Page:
- Negotiations began with Nova Scotia Mi’kmaq in 2000 however, there was never a mandate to discuss fish in the context of the pursuit of a moderate livelihood.
- Therefore, in 2015, Canada and the Nova Scotia Mi’kmaq began exploring a new approach together that would meet their vision of moderate livelihood in the fisheries context.
- In 2017, Canada obtained a mandate to negotiate Rights Reconciliation Agreements with the Mi’kmaq, Maliseet and Peskotomuhkati across Atlantic Canada and the Gaspé region of Quebec.
b) Rights reconciliation agreements
- These agreements recognize the rights and interests of Indigenous communities and advance their vision of self-determination and economic self-reliance for the benefit of their communities and Canada.
- The objective is to provide greater clarity, stability and predictability in the short and medium-term as it related to First Nation participation in the Atlantic fisheries.
- Negotiations are a lot of give and take, and an opportunity to build and strengthen relationships over time.
- Two agreements were signed in 2019, one jointly with Elsipogtog and Esgenoôpetitj First Nations (two Mi’kmaq communities in New Brunswick) and the Wolastoqiyik Wahsipekuk (Wool-las-two-wi-ig Wa-shi-bê-gouk), a Maliseet community in Quebec.
- By negotiating RRAs in the spirit of respect, cooperation and partnership to recognize First Nations’ right to pursue a moderate livelihood, Fisheries and Oceans Canada took the advice of the Supreme Court
- Although Canada and First Nations continued to negotiate through the comprehensive claim process from 2000 onwards, there was no mandate to negotiate this fundamental Treaty right through this process.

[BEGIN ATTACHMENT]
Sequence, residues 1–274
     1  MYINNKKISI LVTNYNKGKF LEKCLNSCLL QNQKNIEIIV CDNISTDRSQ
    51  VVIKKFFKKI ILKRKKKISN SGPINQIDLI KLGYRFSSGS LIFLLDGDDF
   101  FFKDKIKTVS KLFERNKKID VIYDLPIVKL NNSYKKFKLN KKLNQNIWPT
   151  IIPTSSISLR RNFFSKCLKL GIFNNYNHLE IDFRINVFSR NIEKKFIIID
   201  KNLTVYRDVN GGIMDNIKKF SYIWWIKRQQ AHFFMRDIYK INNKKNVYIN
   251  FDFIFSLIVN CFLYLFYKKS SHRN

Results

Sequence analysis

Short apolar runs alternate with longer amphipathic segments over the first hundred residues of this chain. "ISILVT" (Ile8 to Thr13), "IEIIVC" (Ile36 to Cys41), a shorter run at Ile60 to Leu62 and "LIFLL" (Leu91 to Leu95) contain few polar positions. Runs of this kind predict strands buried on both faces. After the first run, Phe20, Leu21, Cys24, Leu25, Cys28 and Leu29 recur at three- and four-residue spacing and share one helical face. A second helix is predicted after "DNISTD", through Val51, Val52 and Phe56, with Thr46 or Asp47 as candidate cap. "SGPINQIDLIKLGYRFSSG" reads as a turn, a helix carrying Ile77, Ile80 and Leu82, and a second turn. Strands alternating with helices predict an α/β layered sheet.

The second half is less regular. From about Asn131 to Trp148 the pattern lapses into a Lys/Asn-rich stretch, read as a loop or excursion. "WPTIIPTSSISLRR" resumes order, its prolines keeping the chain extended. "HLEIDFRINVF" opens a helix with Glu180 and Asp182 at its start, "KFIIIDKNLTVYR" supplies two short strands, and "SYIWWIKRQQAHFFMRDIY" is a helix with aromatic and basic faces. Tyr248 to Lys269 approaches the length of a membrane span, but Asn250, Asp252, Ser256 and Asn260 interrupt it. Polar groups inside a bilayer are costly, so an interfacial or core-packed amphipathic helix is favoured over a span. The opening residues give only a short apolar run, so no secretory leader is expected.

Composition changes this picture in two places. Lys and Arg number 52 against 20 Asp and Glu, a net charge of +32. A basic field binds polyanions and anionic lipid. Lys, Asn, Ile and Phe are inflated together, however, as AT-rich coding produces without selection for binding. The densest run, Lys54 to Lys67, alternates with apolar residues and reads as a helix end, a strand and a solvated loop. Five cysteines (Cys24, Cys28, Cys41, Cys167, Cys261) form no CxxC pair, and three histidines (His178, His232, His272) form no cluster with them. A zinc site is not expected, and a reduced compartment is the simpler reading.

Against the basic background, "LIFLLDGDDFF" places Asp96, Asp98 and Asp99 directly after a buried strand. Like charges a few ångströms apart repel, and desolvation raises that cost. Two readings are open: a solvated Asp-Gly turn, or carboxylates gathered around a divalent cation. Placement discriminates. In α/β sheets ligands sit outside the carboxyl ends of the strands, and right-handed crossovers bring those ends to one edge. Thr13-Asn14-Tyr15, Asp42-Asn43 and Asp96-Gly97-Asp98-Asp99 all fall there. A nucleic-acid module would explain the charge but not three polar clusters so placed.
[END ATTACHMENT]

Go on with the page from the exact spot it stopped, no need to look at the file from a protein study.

- Canada has signed a number of agreements with the Mi’kmaq, Maliseet and Peskotomuhkati Nation at Skutik including Framework Agreements that frame areas of common interests as well as identify areas where more discussions are required in order to find common ground.
- Over the years, it became clear that the existing federal comprehensive land claim policy which forms the basis for negotiations around the country and has led to several successful modern treaties, did not enable the parties to truly make progress on implementing existing Treaty rights to hunt fish and gather in pursuit of a moderate livelihood.
- In 2015, Canada and the Nova Scotia Mi’kmaq began exploring incremental treaty agreements, referred to as Rights Reconciliation Agreements (RRA).
- Canada obtained the authority to negotiate RRAs in 2017.
Rights reconciliation agreements
- The concept of RRAs were developed jointly with the Nova Scotia Mi’kmaq in 2015 and negotiations began in 2017.
- These are a type of time limited, incremental treaty agreements that would advance treaty-related benefits to an Indigenous group in the treaty process.
- Negotiations will contribute to greater clarity, stability and predictability as it relates to First Nation participation in the Atlantic fisheries which would create a more stable environment for all harvesters and foster the conditions for a prosperous and sustainable fishery.
State of relationships (Indigenous-commercial fishing sector)
- Tensions are high between Indigenous and non-Indigenous harvesters in parts of Nova Scotia; commercial harvesters continue to oppose the moderate livelihood fisheries that have recently been launched.